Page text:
Entrepreneurs Who Are Also Family Caregivers Series – By Jennifer L. FitzPatrick

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This article is the second in a series about successful entrepreneurs who are crushing it in their businesses but also managing the challenge of caring for a loved one.


Meet Valerie Grubb, MBA, the owner of Valerie Grubb & Associates. She founded her human resources consulting and training firm after many years in the corporate world. In addition to running her business, Valerie is also the founder of the blog “Travel with Aging Parents” https://travelwithagingparents.com which eventually led to the publication of her book, Planes, Canes, and Automobiles: Connecting With Your Aging Parents Through Travel. This book was inspired by her love of traveling with her older Mom Dorothy.

As Dorothy has aged, Valerie has taken on more of a caregiver role. As a working caregiver, Valerie views being her own boss as an advantage. “Mom’s situation was actually a big driver for me to leave corporate America and go out on my own as I needed more flexibility in my schedule to manage Mom’s life. I don’t know of any company today that would allow me to take time off to go to Mom’s for a week every month and a half. Not sure that exists. So, going out on my own has allowed me to work, yet on my schedule.”

While many employees at larger organizations enjoy the benefits of a Human Resources Department like FMLA (Family Medical Leave Act) and other paid time off, many entrepreneurs like Valerie do have the luxury of working from anywhere. Since that is the case for Valerie, she had her mother’s home “wired up” so she could work more efficiently when she’s providing hands-on care for Dorothy.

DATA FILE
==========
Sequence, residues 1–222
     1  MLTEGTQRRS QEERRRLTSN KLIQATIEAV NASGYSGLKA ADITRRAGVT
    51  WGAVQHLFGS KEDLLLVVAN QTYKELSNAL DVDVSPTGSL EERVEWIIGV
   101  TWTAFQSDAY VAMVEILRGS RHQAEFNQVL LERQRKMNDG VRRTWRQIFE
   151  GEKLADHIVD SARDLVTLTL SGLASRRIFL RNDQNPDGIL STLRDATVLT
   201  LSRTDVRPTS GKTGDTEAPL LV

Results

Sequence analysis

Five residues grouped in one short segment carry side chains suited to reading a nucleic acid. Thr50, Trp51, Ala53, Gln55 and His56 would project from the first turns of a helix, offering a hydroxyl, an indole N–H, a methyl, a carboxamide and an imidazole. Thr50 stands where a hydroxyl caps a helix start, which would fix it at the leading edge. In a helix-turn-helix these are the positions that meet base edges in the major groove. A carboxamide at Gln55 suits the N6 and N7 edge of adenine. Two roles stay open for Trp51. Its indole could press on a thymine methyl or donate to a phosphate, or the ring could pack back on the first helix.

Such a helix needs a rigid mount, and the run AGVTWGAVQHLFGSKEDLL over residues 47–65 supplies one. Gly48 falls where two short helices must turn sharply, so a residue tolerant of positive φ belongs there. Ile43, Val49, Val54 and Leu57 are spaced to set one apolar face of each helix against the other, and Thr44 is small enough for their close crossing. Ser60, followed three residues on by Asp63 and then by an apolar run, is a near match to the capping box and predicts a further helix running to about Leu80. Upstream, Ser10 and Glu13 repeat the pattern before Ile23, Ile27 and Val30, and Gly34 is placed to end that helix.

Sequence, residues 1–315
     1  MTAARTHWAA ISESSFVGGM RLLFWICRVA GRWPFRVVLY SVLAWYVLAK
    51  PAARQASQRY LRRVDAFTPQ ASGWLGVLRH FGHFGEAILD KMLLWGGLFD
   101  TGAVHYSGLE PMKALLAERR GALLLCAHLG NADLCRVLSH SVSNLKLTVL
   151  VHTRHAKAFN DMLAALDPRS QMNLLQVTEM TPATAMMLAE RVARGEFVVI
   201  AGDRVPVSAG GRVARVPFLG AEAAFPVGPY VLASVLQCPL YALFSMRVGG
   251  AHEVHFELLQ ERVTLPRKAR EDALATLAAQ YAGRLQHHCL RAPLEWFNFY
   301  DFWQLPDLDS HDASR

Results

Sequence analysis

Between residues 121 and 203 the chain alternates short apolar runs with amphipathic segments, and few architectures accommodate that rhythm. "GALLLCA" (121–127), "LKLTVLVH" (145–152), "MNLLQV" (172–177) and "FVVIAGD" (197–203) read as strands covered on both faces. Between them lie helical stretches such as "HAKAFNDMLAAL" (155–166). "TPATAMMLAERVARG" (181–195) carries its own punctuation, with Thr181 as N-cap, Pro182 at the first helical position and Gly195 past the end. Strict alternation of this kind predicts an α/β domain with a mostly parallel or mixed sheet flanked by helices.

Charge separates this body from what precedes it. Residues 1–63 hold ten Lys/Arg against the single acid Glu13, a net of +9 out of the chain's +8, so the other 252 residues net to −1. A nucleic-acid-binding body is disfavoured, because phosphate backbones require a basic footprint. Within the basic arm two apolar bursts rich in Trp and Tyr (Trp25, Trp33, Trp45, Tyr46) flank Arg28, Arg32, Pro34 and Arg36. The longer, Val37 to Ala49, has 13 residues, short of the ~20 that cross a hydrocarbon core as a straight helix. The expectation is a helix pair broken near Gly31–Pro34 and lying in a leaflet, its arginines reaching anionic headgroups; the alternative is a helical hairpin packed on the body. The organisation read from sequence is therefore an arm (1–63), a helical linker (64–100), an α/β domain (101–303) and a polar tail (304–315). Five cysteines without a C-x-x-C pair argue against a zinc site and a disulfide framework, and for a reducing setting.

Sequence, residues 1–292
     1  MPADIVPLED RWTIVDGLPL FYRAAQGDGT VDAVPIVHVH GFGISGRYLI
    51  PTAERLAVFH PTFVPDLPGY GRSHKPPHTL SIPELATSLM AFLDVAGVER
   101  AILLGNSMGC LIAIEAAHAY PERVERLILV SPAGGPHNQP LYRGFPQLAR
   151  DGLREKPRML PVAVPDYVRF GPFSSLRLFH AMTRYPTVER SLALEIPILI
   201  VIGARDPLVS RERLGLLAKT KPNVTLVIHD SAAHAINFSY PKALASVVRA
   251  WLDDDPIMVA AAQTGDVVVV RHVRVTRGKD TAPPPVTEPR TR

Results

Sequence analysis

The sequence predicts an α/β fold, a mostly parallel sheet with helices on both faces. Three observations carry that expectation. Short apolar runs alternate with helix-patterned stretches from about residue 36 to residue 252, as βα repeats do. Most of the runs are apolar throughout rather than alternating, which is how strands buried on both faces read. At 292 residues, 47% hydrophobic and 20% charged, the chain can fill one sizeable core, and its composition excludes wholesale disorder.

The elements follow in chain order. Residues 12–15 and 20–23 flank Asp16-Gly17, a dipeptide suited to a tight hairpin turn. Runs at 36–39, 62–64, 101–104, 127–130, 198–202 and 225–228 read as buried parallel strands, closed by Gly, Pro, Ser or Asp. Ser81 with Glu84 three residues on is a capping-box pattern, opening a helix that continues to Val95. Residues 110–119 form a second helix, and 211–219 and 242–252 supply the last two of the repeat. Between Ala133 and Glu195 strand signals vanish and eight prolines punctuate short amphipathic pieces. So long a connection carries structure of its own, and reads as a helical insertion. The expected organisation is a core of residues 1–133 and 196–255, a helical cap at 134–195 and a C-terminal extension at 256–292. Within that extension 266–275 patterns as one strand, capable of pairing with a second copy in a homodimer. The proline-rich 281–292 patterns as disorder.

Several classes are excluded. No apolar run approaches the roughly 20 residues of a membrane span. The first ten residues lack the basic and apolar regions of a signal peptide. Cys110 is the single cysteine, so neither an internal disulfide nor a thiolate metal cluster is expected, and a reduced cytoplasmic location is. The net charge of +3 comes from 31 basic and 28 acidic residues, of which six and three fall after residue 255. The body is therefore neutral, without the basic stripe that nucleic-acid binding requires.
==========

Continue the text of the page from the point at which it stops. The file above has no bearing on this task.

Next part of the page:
In what ways does Valerie’s story inspire you? How can you turn being a business owner into a plus while you are a working caregiver?

Jennifer L. FitzPatrick – MSW, LCSW-C, CSP
The founder of Jenerations Health Education, Inc., Jennifer FitzPatrick has over 20 years’ experience in healthcare and gerontology. The author of Cruising Through Caregiving: Reducing The Stress of Caring For Your Loved One, she is also a gerontology instructor at Johns Hopkins University and an Education Consultant to the Alzheimer’s Association. She helps you reduce stress and increase productivity, morale and revenue. Jennifer and Cruising Through Caregiving have been featured in Forbes, U.S. News & World Report, The Huffington Post, Reader’s Digest, Univision and The Chicago Tribune. She has also appeared on ABC and Sirius XM.